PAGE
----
Warm and cool on HotSpots

Two neighborhoods: While reactions differ, fighting crime is more vital than guarding image.

August 23, 1999

A TELEVISION commercial a few years back popularized the slogan, "Image is everything." Some residents of Harper's Choice in Columbia seem to agree. They have opposed pursuing state resources to fight crime Maryland "HotSpots," because they fear their village would suffer from such a designation.

No such qualms are evident a dozen miles east in Brooklyn Heights in Anne Arundel County's industrial north end. The neighborhood is also a candidate for HotSpot help.

Both communities are mature suburbs, which, as urbanologists point out, suffer from problems more akin to those in cities than in more distant, newer suburbs.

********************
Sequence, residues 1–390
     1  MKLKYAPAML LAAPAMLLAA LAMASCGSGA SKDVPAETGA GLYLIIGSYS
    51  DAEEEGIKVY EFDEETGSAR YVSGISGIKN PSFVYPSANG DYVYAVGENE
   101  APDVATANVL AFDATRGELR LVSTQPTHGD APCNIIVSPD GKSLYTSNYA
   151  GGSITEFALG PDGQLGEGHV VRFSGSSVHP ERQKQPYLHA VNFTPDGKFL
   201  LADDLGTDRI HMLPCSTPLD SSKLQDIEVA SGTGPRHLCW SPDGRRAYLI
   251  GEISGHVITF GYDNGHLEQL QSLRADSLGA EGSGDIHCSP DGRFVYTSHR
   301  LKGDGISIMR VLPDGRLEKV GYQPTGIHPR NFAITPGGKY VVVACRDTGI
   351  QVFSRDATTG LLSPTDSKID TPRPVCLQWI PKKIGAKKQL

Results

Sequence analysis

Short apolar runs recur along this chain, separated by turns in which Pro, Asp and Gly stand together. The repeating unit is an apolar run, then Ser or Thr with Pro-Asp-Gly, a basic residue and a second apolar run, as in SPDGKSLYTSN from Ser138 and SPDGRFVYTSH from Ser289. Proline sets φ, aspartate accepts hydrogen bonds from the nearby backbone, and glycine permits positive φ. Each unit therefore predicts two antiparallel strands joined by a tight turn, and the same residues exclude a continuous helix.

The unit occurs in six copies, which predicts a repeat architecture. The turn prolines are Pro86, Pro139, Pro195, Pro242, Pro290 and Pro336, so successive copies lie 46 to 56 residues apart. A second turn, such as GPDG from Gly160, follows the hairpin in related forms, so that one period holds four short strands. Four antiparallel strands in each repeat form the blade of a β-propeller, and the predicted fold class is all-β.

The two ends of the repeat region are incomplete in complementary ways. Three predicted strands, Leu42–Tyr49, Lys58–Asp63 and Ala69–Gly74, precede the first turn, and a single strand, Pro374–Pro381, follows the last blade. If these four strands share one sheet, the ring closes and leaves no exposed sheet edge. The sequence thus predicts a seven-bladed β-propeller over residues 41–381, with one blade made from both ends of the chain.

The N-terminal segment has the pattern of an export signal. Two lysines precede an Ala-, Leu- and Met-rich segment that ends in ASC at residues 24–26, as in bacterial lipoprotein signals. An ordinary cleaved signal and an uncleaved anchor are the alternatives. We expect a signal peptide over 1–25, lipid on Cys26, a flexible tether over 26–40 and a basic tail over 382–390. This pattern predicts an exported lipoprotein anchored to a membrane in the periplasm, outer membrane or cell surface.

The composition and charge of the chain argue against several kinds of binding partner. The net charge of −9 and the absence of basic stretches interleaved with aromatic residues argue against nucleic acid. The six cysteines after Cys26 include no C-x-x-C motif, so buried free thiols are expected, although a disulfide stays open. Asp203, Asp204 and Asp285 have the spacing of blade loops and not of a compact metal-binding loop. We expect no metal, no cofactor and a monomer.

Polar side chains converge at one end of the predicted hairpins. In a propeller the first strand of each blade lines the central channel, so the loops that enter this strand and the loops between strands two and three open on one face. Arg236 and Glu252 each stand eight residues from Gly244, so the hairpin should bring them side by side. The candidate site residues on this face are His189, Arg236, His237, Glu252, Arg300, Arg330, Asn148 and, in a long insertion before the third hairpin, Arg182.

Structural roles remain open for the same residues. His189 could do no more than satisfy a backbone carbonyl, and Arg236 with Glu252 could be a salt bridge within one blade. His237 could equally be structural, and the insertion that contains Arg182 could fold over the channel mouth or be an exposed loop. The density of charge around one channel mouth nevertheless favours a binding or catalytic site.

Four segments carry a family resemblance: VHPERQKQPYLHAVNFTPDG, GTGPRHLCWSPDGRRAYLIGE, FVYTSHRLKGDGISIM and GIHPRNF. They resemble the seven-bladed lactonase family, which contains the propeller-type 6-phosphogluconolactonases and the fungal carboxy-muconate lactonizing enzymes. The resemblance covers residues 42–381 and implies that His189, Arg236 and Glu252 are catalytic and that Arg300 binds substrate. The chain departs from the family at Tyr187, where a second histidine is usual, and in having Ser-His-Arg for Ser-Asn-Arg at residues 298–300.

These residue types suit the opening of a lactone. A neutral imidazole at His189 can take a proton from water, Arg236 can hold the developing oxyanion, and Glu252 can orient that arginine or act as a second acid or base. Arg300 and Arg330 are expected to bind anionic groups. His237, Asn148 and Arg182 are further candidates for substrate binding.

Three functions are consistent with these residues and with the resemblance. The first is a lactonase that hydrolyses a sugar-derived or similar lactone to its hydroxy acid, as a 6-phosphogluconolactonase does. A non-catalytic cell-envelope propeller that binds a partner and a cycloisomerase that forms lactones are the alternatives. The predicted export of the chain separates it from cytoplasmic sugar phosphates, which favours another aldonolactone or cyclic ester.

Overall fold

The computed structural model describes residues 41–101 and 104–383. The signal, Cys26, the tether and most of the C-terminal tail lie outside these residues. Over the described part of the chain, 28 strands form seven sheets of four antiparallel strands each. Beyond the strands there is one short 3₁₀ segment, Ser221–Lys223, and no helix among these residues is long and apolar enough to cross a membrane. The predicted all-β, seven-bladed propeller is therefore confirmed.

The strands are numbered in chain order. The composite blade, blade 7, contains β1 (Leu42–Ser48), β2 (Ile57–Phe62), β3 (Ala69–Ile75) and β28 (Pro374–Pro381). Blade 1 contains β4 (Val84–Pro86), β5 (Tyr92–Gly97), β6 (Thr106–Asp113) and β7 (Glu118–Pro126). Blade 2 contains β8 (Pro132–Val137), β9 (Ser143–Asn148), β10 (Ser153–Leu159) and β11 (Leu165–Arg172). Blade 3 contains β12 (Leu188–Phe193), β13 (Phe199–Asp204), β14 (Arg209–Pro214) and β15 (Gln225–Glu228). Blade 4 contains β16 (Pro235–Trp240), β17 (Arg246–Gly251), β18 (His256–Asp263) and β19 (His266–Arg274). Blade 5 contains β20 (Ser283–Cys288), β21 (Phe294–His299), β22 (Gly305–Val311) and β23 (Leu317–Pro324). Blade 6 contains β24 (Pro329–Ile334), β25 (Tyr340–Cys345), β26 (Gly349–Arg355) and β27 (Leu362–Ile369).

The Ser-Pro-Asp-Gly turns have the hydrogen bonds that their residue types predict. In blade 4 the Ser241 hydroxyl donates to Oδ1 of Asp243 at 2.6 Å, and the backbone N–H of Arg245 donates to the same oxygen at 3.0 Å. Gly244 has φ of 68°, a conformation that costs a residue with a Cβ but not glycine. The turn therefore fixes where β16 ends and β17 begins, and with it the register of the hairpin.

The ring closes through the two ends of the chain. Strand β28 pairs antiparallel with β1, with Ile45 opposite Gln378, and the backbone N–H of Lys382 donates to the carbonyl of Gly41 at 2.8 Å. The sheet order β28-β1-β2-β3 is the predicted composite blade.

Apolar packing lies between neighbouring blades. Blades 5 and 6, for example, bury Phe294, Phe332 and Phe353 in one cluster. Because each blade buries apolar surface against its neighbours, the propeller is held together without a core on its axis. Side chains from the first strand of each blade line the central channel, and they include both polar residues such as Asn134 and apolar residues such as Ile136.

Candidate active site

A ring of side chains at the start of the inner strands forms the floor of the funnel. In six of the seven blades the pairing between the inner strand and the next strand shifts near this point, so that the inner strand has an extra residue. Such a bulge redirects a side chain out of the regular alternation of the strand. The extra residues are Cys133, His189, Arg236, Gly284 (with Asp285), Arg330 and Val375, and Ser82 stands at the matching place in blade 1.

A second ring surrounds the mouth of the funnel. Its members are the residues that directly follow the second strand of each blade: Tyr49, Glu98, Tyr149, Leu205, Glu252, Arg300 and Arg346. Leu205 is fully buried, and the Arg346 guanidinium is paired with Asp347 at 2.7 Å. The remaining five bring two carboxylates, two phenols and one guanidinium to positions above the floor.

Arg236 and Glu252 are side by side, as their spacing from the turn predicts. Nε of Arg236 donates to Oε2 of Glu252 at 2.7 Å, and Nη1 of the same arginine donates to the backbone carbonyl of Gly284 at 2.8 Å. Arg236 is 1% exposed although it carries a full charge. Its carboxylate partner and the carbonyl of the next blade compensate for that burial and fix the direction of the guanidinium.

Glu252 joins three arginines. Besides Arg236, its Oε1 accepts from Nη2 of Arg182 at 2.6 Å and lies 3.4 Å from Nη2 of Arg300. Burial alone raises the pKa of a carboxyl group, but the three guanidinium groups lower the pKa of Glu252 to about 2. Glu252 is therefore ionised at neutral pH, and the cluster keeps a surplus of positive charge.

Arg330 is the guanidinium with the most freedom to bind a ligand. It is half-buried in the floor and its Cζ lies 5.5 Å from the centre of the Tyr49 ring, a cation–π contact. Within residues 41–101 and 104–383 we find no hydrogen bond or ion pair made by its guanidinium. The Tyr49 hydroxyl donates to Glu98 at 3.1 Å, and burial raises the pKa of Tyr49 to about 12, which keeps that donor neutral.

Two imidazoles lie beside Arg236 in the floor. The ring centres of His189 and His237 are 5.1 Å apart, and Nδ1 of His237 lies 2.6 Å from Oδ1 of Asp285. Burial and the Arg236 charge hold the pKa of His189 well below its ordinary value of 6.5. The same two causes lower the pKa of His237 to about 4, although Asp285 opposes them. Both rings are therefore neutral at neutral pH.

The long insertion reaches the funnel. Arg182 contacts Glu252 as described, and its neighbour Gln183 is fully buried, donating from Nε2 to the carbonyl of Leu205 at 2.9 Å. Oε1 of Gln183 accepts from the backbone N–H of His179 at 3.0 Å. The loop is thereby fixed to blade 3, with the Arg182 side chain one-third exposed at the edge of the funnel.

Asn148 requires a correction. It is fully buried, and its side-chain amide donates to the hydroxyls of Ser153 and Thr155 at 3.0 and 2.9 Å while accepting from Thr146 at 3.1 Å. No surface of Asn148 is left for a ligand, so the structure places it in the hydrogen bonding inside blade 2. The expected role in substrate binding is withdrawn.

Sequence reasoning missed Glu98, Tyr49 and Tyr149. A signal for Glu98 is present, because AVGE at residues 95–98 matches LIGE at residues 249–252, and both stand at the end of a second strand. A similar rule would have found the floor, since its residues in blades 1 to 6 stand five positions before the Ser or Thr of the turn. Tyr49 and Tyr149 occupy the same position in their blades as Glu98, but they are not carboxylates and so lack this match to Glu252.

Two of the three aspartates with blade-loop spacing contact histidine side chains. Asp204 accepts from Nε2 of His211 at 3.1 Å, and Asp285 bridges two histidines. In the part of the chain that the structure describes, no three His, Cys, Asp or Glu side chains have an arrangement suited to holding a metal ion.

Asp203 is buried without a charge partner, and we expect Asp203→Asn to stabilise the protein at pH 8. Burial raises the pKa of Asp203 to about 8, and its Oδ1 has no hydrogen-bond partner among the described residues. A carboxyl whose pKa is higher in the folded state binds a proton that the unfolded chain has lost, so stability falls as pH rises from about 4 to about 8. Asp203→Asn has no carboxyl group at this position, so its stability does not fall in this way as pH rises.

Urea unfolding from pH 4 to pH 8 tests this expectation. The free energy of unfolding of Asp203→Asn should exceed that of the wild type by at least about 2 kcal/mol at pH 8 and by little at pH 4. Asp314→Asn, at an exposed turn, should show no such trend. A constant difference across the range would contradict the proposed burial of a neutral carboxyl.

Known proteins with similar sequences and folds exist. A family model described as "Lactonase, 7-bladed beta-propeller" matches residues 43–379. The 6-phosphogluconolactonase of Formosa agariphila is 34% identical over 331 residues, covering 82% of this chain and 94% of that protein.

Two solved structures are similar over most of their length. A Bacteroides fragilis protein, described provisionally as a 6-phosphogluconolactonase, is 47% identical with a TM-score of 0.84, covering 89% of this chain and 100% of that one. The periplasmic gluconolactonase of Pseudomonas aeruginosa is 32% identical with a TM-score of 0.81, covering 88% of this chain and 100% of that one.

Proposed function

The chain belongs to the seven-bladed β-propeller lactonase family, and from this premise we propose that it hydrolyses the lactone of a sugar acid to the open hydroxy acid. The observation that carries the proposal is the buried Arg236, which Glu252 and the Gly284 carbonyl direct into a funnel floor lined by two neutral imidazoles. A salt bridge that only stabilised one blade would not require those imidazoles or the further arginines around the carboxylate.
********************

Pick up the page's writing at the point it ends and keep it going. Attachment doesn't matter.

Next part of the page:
Harper's Choice would be advised to follow Brooklyn Heights' lead. Police last year answered nearly 500 calls in Harper's Choice, one-third more than in two other Columbia villages considered for the crime-fighting program. It's too late to worry about image -- some people already are calling the area, prematurely, a slum. Rather than get bogged down over labels, the community should rally behind any effective effort to repel crime.

The HotSpot program, an initiative of Lt. Gov. Kathleen Kennedy Townsend, aims to stabilize troubled communities and those teetering on the edge. Two-thirds of the 36 neighborhoods in the program have seen reductions in crime. With $3.5 million allocated this year, the program will double to 72 sites. Participants design their own crime prevention strategies, including drug treatment and crackdowns, and after-school activities.

In Harper's Choice, where the village center was recently remodeled, and Brooklyn Heights, where an old school is being transformed into a community center, good things are already happening.

They could be complemented by a HotSpots program, which, if successful, will allay future qualms about image.

Pub Date: 8/23/99

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